And yet, despite Pineda’s strong showing, he isn’t the big pitching story of the spring. Masahiro Tanaka has come over from the Rakuten Golden Eagles and after only a few weeks of camp, it feels like he’s been here for years. The transition has appeared to be seamless — I’m sure it’s been difficult for him, how could it not? — and his outings have matched the scouting reports. He throws strikes, has a wipeout splitter, and an underrated slider. When he’s gotten in jams, he’s cranked it up a notch, something we heard he’ll do long before he signed on the dotted line. As with Pineda, Tanaka has looked as good as we could have possibly hoped.
Flying under the radar this spring has been Ivan Nova, at least to some extent. Following yesterday’s outing he now has 21 strikeouts and two walks in 19.2 Grapefruit League innings, and I think the most impressive thing was the way he made adjustments mid-start and rebounded from a terrible first inning against the Astros a week or two ago. It was the kind of bad inning that used to spiral out of control, but instead Nova righted the ship and put together a good start. He’s been healthy and he’s been throwing the ball well. It’s been a strong spring for Ivan.
“I’ve seen a guy that’s come into spring training that, it seems like he realizes how good he can be,” Girardi said. “And I think that’s important. I think for all young players, there’s that doubt always a little bit, can I do this on a consistent basis? Can I do it start after start, or game after game if you’re a position player? Do I need to look over my starter? Is there someone always doubting what I can do? I think he’s realized that, you know what, I can be pretty good.”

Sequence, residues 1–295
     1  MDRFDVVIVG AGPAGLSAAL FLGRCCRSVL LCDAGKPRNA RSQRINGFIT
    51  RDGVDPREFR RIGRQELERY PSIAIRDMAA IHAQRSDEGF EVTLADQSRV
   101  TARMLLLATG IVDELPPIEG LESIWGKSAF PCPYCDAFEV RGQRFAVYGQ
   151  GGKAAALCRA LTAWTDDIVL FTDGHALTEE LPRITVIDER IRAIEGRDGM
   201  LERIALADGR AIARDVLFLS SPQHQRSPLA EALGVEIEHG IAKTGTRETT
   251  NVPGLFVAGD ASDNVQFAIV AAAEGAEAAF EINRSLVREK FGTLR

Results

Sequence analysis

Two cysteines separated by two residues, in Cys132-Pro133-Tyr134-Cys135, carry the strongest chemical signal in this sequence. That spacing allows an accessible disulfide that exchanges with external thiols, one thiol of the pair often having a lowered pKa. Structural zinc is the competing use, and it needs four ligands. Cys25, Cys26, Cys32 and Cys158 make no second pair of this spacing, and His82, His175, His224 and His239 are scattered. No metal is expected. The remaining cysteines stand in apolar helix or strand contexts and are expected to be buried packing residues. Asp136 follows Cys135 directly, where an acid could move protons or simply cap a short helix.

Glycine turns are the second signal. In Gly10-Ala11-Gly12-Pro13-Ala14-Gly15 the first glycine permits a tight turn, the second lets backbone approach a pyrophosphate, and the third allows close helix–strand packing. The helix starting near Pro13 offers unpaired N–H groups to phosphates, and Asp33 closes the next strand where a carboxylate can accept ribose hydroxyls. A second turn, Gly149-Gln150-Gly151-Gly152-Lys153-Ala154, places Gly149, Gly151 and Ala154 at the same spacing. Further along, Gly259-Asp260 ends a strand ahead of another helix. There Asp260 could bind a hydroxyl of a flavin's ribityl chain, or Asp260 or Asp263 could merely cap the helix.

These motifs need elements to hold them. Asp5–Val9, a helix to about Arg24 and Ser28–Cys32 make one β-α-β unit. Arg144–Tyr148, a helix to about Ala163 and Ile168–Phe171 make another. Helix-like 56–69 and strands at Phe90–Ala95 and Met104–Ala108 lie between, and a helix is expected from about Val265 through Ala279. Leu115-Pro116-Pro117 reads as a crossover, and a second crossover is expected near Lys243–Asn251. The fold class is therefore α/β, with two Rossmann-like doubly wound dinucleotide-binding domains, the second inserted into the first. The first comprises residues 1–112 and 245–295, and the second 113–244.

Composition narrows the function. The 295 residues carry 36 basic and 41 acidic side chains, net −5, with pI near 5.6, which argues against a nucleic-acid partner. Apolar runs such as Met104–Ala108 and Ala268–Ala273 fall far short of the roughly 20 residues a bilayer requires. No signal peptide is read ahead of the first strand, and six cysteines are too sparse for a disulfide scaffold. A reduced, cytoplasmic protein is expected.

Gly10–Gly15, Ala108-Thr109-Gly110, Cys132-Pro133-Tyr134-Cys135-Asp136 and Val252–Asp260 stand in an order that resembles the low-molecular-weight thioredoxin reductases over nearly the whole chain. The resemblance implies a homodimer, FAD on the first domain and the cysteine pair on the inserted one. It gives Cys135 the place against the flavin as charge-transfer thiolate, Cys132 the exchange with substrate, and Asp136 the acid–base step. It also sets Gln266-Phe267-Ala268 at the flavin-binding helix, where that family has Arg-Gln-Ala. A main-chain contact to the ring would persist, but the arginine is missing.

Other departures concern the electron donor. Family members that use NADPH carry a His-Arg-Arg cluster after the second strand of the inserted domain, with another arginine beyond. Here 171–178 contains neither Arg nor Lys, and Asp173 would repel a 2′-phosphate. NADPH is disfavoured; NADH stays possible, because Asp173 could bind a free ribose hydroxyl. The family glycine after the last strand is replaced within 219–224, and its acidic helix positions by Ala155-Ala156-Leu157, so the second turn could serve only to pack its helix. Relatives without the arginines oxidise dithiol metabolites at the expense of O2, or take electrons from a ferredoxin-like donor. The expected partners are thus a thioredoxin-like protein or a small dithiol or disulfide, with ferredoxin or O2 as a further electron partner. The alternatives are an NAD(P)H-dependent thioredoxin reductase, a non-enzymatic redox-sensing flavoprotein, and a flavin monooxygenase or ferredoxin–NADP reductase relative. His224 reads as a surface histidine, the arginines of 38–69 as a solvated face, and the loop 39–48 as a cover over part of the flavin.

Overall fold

Joe Girardi said that to Chad Jennings yesterday and was referring to Nova, but he could have easily been talking about Pineda or Tanaka. All three came to camp with something to prove and they’ve answered every question along the way. Just about everything has gone according to plan with these three and that’s pretty great. Usually when you’re talking about three pitchers — I guess this applies to any type of player, really — one will slip up somewhere along the lines. Two out of three is a pretty good success rate in baseball.
But all three guys have done everything they’ve needed to do in Spring Training and it’s really exciting. It’s really exciting for 2014 and for the Yankees going forward, because all three of these guys are young. Nova is the oldest and he just turned 27 in January. Pineda turned 25 that same month and Tanaka turned 25 back in November. The Yankees have an older roster in general and the other two members of the rotation are up there in age — Hiroki Kuroda just turned 39 and CC Sabathia is about 75 in pitching years given all the mileage on his arm — but these three fellas are all right smack in their prime or about the enter the prime of their careers. I’m going to use the word again: exciting.
This is Spring Training and the time of the year for overwhelming and occasionally irrational optimism. I don’t know how any Yankees fan could look at Pineda, Tanaka, and Nova these last few weeks and not start dreaming about a rotation built around their young power arms for the next few years. We know there are going to be bumps in the road, they’re inevitable, but right now everything is going right and that’s something the club needed in Spring Training. The pieces of the next great Yankees rotation are in place. We’ve know that because seen ‘em with our own eyes these last few weeks.